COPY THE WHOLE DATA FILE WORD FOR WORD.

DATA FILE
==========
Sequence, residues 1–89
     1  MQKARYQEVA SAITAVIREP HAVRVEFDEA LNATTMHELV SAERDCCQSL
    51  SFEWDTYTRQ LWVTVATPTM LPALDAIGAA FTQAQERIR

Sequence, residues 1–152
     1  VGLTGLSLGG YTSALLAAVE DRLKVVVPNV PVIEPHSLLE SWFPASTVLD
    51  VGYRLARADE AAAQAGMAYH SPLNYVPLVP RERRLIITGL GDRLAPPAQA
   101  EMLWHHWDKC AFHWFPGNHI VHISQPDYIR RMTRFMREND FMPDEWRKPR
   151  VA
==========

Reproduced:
Sequence, residues 1–89
     1  MQKARYQEVA SAITAVIREP HAVRVEFDEA LNATTMHELV SAERDCCQSL
    51  SFEWDTYTRQ LWVTVATPTM LPALDAIGAA FTQAQERIR

Sequence, residues 1–152
     1  VGLTGLSLGG YTSALLAAVE DRLKVVVPNV PVIEPHSLLE SWFPASTVLD
    51  VGYRLARADE AAAQAGMAYH SPLNYVPLVP RERRLIITGL GDRLAPPAQA
   101  EMLWHHWDKC AFHWFPGNHI VHISQPDYIR RMTRFMREND FMPDEWRKPR
   151  VA